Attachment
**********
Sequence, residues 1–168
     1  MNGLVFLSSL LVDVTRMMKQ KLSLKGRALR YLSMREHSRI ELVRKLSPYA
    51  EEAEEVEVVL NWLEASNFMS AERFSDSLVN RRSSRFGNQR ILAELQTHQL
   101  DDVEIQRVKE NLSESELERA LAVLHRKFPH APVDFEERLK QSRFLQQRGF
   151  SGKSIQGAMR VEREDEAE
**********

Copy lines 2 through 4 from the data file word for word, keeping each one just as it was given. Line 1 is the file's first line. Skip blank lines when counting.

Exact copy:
     1  MNGLVFLSSL LVDVTRMMKQ KLSLKGRALR YLSMREHSRI ELVRKLSPYA
    51  EEAEEVEVVL NWLEASNFMS AERFSDSLVN RRSSRFGNQR ILAELQTHQL
   101  DDVEIQRVKE NLSESELERA LAVLHRKFPH APVDFEERLK QSRFLQQRGF